Written by: Rev. Nathan Hill
This week marks a historical milestone in global conflict—on the eleventh hour of the eleventh day of the eleventh month, the hostilities of the First World War ended in 1918. From this time onward, all commonwealth nations (and many outside of the commonwealth) have observed this day as a time to remember those who fought in the First World War (and all subsequent wars) and those who ultimately died as a result of war. Many commemoration ceremonies will be held in Canada on Wednesday of this week as our nation observes Remembrance Day.
I have always been of several minds about how the church ought to acknowledge this observance in our nation. At first glance we might say Remembrance Day is a civic or secular observance that has little crossover or connection with theology and the church. Yet, honouring people for deeds well done and personal sacrifice is certainly consistent with our Christian values, so long as the deed or service is honourable to our faith. Which raises another conundrum—within Christian faith traditions we find a noteworthy minority that would argue in favor of absolute pacifism as a logical consequence of their faith. Christian groups like the Quakers and Mennonites would fall into this category, as would recognizable individuals like Martin Luther King Jr. and theologian John Howard Yoder, author of the book “Politics of Jesus” that I was introduced to in a seminary ethics class.
How then does the church come together to commemorate and honour those who have provided (and are still providing) service in the face of global conflict? There is one significant link between church history, global conflict, and this day of commemoration that I think can provide a way forward here, and it reaches back to the theology and ethics of Augustine (5th century AD) and Thomas Aquinas (13th century AD). Together, these theologians have provided an ethic for society that is still examined and discussed to this present day—the just war theory.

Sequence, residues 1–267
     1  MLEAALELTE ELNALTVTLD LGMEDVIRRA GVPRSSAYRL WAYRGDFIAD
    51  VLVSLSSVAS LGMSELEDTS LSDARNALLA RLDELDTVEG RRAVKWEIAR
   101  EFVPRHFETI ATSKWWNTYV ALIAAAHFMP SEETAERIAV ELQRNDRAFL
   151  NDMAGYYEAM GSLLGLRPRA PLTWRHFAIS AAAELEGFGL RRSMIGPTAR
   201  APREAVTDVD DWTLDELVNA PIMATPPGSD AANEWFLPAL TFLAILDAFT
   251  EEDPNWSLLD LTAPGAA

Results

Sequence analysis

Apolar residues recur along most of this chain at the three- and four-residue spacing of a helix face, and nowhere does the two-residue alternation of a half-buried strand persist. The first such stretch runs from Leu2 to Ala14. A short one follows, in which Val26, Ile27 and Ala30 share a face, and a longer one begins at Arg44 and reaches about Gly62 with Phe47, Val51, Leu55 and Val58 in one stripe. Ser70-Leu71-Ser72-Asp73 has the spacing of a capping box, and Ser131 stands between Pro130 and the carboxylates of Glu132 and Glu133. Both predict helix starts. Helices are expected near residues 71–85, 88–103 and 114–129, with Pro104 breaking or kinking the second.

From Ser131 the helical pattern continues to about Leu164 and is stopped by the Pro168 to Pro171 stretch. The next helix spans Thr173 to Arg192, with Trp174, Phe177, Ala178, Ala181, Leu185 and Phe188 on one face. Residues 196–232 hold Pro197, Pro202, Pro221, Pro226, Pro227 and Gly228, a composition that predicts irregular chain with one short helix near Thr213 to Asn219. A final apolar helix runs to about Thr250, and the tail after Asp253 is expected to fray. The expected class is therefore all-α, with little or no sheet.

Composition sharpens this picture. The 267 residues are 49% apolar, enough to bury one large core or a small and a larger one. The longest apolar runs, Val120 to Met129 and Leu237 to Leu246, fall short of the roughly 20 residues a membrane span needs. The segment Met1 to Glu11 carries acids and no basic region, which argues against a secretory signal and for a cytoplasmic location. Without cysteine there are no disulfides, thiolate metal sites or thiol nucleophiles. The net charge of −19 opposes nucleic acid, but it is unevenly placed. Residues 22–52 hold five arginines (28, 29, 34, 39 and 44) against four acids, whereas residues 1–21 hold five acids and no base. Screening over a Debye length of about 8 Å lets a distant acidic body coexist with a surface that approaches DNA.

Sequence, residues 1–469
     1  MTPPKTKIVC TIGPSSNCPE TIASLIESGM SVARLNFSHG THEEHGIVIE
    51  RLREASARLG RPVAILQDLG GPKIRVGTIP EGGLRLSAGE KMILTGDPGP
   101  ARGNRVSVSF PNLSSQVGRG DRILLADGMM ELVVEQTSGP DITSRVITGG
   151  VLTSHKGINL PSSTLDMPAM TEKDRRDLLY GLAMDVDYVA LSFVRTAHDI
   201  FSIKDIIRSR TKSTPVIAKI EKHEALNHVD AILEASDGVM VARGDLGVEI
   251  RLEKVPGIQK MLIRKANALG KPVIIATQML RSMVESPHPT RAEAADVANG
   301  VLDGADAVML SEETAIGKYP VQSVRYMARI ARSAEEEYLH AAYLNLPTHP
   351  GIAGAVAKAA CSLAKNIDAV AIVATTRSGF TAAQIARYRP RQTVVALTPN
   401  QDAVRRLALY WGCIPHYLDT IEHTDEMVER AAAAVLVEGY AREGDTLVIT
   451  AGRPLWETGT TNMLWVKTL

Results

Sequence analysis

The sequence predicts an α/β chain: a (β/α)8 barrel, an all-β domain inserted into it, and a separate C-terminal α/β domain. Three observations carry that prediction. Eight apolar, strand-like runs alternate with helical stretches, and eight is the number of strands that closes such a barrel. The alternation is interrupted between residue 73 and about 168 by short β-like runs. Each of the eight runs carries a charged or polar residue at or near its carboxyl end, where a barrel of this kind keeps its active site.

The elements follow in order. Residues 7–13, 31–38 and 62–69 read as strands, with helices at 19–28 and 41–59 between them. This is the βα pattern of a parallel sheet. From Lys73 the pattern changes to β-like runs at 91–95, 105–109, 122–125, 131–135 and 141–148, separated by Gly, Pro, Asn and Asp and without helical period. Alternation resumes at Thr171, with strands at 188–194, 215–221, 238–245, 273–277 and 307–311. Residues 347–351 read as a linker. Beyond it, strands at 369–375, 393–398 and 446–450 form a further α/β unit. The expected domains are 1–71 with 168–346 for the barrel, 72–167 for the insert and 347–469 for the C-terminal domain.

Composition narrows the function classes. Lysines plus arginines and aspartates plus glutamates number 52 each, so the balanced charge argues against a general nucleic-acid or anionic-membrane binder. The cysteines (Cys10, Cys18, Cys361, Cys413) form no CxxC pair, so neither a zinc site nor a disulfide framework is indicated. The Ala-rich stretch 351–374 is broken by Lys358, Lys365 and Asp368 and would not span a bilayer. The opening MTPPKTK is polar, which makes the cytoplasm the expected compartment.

In order for a conflict or a war to be justifiable in the eyes of God and humankind, these theologians suggested that it must be based upon three things: Proper authority (i.e., the conflict is waged by a legitimate authority that represents the common good of a group of people), Just cause (i.e., to restore some fundamental right or possession that has been denied), and Right intention (i.e., the central motive must be to restore the peace, and the conflict ought not change its objective after it begins). Many would argue that conflict falling within these categories has satisfied the demands of theology, examination of Scripture, and the test of time, as its foundations persist until today.
No matter our view on conflict, pacifism, or violence, on this week each year in November we can at least honour those who have been of service to our nation and have strived to protect the liberties and abundance that we enjoy today. We can also honour the role that the church has had in shaping social ethics over the years. The just war theory began with theologians and has been elaborated upon by philosophers, ethicists, and other since then—up to this present day. In a time where social and theological ethics are bent on divergence once again in ours and other nations across the world, is there a way that we can intelligently offer a new ethic that respects Scripture while inviting society to take a look? Can we, like Aquinas and Augustine, begin an ethic that is faithful to God and responds to a need in our culture? It has been said that the pen is mightier than the sword—perhaps this is your calling?
As you remember and honour veterans this week, also remember and honour the contributions that Christian theologians have made to the ethics of global conflict, and then dream about the legacy that you can create in your area that just might warrant honour even one century removed from today.